LGBTQI+ Latinx people do not receive culturally competent cancer prevention and treatment, survey suggests

September 20, 2019
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This “double minority” group reports they are afraid to tell health care providers their gender identity and/or sexual orientation, City of Hope researcher says.
 
DUARTE, Calif. — Most Latinx people who are LGBTQI+ reported being reluctant to share their gender identity and/or sexual orientation with a health care provider, and a majority have never received cancer information tailored for their community, according to City of Hope-led survey results that will be presented at an American Association for Cancer Research (AACR) meeting held from Sept. 20-23.
 
LGBTQI+ individuals are at higher risk of developing cervical and oral cancers, and Latinx people have higher risk of developing viral-associated cancers, including in the liver and stomach. Yet substantial cancer health disparities exist for both LGBTQI+ individuals and for Latinx people, said Mayra Serrano, M.P.H., CHES, manager of the Center of Community Alliance for Research & Education at City of Hope, a world-renowned independent research and treatment center for cancer, diabetes and other life-threatening diseases.
 
“Together, this group is a double minority whose increased risk for certain cancers, unfortunately, are not currently being addressed,” said Serrano, who led the ongoing survey project. “We hope that our survey results add to a conversation that needs to be had about how people – regardless of their gender, sexuality, race or ethnicity – should receive equal and appropriate health treatment and disease prevention education.”
 
Working with the Latinx Task Force in the Greater Los Angeles area, Serrano and her colleagues aim to reduce health disparities. The goal is to understand cancer-related knowledge and behavior within the LGBTQI+ Latinx community. Serrano will present the ongoing data in San Francisco at the 12th AACR Conference on The Science of Cancer Health Disparities in Racial/Ethnic Minorities and the Medically Underserved.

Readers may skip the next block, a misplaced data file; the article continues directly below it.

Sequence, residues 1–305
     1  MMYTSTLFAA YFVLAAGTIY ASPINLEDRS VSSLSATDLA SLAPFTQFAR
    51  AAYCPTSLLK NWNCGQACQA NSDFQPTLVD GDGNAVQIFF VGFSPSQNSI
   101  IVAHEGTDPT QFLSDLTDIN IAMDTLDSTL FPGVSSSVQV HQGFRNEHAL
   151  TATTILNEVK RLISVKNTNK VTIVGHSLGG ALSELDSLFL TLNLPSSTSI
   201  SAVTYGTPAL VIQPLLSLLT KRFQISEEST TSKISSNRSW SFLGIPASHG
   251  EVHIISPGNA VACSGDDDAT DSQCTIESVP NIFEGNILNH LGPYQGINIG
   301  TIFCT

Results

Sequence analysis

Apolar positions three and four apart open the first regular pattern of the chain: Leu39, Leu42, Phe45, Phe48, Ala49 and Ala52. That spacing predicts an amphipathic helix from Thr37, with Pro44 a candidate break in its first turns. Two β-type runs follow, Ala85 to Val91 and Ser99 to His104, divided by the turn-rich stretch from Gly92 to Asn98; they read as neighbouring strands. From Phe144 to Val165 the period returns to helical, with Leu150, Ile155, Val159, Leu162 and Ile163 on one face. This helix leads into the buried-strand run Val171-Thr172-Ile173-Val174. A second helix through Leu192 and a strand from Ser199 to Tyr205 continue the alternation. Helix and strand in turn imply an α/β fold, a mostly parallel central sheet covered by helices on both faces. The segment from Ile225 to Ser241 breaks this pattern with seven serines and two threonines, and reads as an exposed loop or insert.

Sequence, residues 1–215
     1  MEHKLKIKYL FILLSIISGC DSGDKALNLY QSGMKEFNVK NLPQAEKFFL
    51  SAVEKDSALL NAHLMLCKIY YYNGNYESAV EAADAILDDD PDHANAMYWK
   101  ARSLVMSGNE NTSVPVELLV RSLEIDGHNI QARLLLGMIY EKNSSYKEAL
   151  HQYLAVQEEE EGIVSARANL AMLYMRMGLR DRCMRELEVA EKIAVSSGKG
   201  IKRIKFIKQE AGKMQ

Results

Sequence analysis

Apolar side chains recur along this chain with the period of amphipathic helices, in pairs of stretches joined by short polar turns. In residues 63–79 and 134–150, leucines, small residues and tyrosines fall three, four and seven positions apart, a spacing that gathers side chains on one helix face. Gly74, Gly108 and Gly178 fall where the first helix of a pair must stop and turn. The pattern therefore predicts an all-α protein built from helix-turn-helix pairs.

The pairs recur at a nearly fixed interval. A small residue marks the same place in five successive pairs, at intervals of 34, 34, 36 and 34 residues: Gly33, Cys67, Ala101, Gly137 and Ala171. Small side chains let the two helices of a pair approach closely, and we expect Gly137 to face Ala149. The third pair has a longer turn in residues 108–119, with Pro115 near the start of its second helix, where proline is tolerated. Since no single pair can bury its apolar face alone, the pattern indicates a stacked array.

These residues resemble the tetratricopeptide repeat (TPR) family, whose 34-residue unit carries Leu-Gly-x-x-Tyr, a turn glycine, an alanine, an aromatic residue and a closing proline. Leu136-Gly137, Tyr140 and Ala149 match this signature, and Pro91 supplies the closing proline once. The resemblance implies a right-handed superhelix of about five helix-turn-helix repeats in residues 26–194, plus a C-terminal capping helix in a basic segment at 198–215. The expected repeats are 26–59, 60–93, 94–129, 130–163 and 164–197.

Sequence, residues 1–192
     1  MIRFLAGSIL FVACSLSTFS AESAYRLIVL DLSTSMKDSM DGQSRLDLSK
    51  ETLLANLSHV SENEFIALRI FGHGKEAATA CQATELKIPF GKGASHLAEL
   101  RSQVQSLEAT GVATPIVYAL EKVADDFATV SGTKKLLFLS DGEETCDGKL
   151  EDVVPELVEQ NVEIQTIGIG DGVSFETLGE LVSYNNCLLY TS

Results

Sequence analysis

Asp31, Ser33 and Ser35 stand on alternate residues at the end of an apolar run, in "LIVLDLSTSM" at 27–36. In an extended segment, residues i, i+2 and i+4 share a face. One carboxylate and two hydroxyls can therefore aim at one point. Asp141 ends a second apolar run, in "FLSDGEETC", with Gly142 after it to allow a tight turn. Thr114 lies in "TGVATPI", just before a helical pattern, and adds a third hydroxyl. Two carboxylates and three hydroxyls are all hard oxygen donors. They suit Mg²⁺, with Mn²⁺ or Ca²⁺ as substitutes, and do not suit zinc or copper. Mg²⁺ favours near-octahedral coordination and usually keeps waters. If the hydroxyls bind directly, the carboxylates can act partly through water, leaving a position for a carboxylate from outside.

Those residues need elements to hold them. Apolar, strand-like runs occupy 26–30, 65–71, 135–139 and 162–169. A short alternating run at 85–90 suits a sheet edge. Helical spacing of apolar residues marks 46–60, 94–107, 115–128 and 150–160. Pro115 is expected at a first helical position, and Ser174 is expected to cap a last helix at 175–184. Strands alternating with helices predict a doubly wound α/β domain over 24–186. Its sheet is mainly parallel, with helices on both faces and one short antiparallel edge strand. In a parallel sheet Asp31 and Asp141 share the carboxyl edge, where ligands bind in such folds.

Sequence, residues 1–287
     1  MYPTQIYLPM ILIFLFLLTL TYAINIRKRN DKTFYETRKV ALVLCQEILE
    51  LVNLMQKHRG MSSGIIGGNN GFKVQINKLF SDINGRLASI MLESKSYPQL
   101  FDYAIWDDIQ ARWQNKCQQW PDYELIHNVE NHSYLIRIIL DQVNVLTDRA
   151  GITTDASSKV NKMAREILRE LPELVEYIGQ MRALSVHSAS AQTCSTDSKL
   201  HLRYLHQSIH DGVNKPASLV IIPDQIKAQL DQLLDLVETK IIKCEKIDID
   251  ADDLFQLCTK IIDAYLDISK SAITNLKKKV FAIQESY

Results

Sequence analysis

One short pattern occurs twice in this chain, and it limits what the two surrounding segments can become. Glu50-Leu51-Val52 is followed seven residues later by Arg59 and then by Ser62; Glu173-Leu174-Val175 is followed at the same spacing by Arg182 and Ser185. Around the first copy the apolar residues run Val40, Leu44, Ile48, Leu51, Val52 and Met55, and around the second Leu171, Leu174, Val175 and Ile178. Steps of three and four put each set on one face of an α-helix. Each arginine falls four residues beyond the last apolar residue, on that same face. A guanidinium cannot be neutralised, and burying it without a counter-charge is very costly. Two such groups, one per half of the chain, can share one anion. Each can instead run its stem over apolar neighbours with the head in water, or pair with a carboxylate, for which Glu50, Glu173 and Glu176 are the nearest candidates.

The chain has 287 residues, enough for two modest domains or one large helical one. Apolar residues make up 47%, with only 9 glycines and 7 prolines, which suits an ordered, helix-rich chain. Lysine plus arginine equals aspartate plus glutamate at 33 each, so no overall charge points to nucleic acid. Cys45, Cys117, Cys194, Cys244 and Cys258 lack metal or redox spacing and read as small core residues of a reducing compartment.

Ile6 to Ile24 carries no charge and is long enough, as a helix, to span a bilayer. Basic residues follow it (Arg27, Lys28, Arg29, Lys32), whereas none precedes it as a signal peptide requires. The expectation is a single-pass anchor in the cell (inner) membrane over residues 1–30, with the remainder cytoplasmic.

Examples of a lack of cultural competency occur when, say, a health care provider uses inappropriate gender pronouns in conversation or in written materials, or when the physician and support staff assume that the patient is cisgender (they agree with the sex assigned at birth) and heterosexual during discussions about sex and the need for birth control.
 
“Results will guide future outreach to and education efforts for the LGBTQI+ Latinx community and their health care providers,” Serrano said. “We need to better meet the needs of underserved populations.”
 
Some 176 people completed the survey as of June 2019. Most (74%) identified as Latinx, 82% identified as cisgender, 40% identified as gay, 28% identified as queer. Some shared their gender identity or sexual orientation with providers (44%), but those who identified as bisexual were less likely to share that information.
 
Most respondents (73%) said they were afraid to share their gender identity and/or sexual orientation with health care providers. People who identified as queer were more likely to be reticent about sharing their sexual orientation.
 
“The early data suggest that there is an urgent need to train health care providers how to make their practice more culturally competent, safe and welcoming for LGBTQI+ Latinx communities,” Serrano said.
 
Key responses include:
  • 91% of respondents said they have never received LGBTQI-tailored cancer information
  • 60% of respondents ages 21 to 29 who were eligible for Pap testing had not been tested in the past three years, compared with 22% of all eligible individuals in the United States
  • 50% of those eligible for a mammogram had not had one in the past two years, compared with 29% of all eligible individuals in the United States.
 
Serrano and the Latinx Task Force are collaborating with local LGBTQI+ organizations to expand the survey. They also are developing educational materials for the LGBTQI+ Latinx community and are working on cultural competency training guides for health care providers.
 
Serrano’s interest in this topic is a result of and contributes to City of Hope’s diversity and inclusion efforts. City of Hope hosts a group called Pride in the City, which promotes a safe and welcoming environment for LGBTQ patients, families and employees. Thus, for the past three years, the Human Rights Campaign has given City of Hope a perfect score on its Healthcare Equality Index, a report card that evaluates a health care facility’s “policies and practices related to the equity and inclusion of their LGBTQ patients, visitors and employees.”
 
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About City of Hope
City of Hope is an independent biomedical research and treatment center for cancer, diabetes and other life-threatening diseases. Founded in 1913, City of Hope is a leader in bone marrow transplantation and immunotherapy such as CAR T cell therapy. City of Hope’s translational research and personalized treatment protocols advance care throughout the world. Human synthetic insulin and numerous breakthrough cancer drugs are based on technology developed at the institution. A National Cancer Institute-designated comprehensive cancer center and a founding member of the National Comprehensive Cancer Network, City of Hope is the highest ranked cancer hospital in the West, according to U.S. News & World Report’s Best Hospitals: Specialty Ranking. Its main campus is located near Los Angeles, with additional locations throughout Southern California. For more information about City of Hope, follow us on FacebookTwitterYouTube or Instagram.